Altitude is your friend
In the course of operating an aerobatic flight and spin-training school in Tennessee, I'm finding out that a lot of new flight instructors are lacking in their knowledge of spins. While some have a good background in spins, others have never been in a spin.
My spin curriculum for flight instructor candidates includes three hours of ground school and two flights with many spin recoveries, including one 20-turn spin and a recovery from a developed spin using only airspeed, turn and slip, and altimeter (see "Spinning with a Specialist," p. 24).
I also teach spin entry with full throttle, reasoning that throttle closure must be the first step in recovery. The spins are flatter and have a faster rotation rate with full power throughout (until the recovery). Since I have 7,000 spins in the airplane (not turns -- spins) I'd like the CFI-to-be to see the situation with me in there.
For instructor applicants, particularly smaller females, I also show how to recover from a spin in the Cessna Aerobat using only the ailerons fully against the spin with the control wheel full back, as might be the case should a student hold it back to "pull out of the spin." I warn that this method may be a fatal error if employed in other airplanes and that it's only demonstrated as something to fall back on in the Cessna 152 if needed. I also teach elevator-only (no rudder) recoveries.
Following are some important suggestions I'd like to offer those who teach spins:
- Altitude, altitude, and more altitude. FAR 91.303 allows aerobatics (and spins) to be performed as low as 1,500 feet agl, but 3,000 feet agl is my absolute limit.
- If you, the instructor, have not spun this particular airplane (you've spun others of the same model, but not this one), a special preflight check is suggested. With the airplane parked and shut down on the ramp, ask someone to sit in the cabin and hold the control wheel or stick firmly full forward while you try to raise the elevator. Don't try to pull it up by the trim tab side of the elevator (you'll put pressure on the tab). You are checking for control cable slop. The same procedure can be used to check for rudder slop for some types of airplanes.
If full up elevator cannot be obtained this could mean that a full stall and spin can't be obtained. So, you can't spin that airplane until this is fixed. You're checking to make sure full down elevator is available for spin recoveries.
- For Cessna 150s and 152s, plan on a rate of descent varying from 5,500 fpm to 7,500 fpm (C-150) and a fairly constant 7,500 fpm (C-152), and allow at least the following vertical airspace requirements:
- Always (again) recover above 3,000 feet agl.
- For one turn assume an altitude loss of 1,000 feet.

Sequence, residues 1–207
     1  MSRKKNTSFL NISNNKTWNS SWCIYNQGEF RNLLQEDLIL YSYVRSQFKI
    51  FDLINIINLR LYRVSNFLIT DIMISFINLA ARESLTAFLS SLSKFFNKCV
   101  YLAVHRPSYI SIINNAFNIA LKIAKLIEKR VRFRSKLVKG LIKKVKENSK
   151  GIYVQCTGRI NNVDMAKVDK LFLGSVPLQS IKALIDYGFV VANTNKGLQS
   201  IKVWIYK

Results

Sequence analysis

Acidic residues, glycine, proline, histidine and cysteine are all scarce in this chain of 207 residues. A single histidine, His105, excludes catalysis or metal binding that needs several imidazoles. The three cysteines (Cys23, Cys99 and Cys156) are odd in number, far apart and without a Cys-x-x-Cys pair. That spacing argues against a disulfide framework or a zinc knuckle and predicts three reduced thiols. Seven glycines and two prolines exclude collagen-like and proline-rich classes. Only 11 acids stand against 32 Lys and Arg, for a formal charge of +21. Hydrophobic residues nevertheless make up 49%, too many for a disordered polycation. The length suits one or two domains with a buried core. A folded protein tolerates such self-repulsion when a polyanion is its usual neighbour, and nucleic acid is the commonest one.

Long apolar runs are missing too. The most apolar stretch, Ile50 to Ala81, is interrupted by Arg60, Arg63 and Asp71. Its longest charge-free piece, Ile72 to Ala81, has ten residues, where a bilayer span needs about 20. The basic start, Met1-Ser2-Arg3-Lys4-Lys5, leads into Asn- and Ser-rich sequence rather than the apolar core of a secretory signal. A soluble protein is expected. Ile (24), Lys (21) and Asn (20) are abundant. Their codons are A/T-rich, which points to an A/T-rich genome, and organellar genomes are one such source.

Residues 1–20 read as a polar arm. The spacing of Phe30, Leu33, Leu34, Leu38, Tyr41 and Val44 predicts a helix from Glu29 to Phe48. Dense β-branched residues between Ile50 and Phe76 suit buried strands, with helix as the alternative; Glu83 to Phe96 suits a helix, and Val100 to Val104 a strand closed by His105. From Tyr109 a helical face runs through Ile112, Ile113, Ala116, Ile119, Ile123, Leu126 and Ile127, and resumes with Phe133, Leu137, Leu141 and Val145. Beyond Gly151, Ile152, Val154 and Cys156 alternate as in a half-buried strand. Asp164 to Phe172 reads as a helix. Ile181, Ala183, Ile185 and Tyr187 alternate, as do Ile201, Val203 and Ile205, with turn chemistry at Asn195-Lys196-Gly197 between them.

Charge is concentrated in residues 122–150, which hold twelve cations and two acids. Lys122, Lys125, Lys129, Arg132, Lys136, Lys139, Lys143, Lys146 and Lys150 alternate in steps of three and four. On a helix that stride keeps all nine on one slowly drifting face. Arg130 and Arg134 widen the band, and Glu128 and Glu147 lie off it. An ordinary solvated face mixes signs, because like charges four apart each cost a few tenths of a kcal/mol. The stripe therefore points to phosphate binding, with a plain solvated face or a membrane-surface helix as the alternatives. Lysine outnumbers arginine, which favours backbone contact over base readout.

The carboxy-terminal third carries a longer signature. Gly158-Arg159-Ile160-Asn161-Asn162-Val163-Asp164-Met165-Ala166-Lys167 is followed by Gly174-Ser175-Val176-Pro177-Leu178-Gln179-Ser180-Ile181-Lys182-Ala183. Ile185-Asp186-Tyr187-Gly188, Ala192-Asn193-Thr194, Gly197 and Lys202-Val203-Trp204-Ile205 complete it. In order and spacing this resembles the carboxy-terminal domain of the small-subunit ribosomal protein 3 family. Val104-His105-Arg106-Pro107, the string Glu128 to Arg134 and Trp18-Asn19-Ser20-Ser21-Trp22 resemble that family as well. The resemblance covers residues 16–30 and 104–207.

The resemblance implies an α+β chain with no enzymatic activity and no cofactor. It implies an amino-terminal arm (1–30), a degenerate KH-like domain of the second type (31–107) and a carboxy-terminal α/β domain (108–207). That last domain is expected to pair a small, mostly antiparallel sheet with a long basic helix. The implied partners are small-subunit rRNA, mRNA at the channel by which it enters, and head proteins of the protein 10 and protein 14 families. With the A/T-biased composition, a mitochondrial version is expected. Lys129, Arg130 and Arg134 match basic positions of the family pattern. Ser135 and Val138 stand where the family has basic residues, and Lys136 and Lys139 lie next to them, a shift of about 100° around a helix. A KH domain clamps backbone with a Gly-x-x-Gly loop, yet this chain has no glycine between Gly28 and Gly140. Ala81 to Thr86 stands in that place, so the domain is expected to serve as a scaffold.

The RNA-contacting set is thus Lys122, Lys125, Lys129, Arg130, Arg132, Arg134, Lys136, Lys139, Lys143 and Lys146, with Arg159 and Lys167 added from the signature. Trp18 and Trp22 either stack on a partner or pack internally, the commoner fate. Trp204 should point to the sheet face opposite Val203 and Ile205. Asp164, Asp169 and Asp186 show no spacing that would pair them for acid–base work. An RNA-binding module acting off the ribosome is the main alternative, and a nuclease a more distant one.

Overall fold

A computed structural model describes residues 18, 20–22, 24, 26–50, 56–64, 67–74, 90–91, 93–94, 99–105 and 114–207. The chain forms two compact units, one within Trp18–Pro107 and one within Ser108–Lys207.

- For two turns, 1,500 feet.
- Three turns, 1,800 feet.
- For multiple turns allow 200 feet per turn. For instance, in a C-152, a 20-turn spin requires 4,200 feet.
The reason for the disparity in altitude requirements between a one-turn spin (1,000 feet) and a twenty-turn spin (slightly over 4,000 feet) is that the same amount of vertical airspace is required for recovery (stopping the spin rotation and the pull-out) from a one-turn spin as is needed to recover from a 20-turn spin in these airplanes.
Start out in a particular airplane you haven't spun before (after the elevator check cited earlier) in a cautious manner. (Again, you've spun others of this model.) A suggestion is to start out easily with one, two, and then three turns.
For the student, recreational, private, or commercial pilot interested in spin training, two turns or maybe three -- to get into a developed spin -- is enough.
You'll notice one thing: The majority of students will have a greater level of confidence in all their flying once they've experienced a spin. There are some pilots who feel that spin training is not for them, and that's fine. But for those who want it, spin recovery can be a part of their all-around flight training.
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I would not feel confident as an instructor if I didn't have spin experience -- if not in the airplane I'm using, then in others. This kind of experience allows me to recognize and stop an unwanted spin entry. I've said and written many times that some current instructors who haven't had enough training in this area may be playing Russian roulette with their students during stall practice. I also think that before students are sent out to practice stalls solo, they should be given dual instruction to recognize and recover from a spin onset. I've had letters from students who said that they had been practicing stalls solo and recognized and recovered from a spin because they'd read my book, The Student Pilot's Flight Manual. The CFI had not mentioned anything about spins during training.
William K. Kershner has been a flight instructor since 1949. He is the author of several books, including Student Pilot's Flight Manual, Advanced Pilot's Flight Manual, Instrument Flight Manual, Flight Instructor's Manual, and Logging Flight Time. A specialist in spin entry and recovery, he teaches aerobatics in Sewanee, Tennessee. Visit his Web site.
By William K. Kershner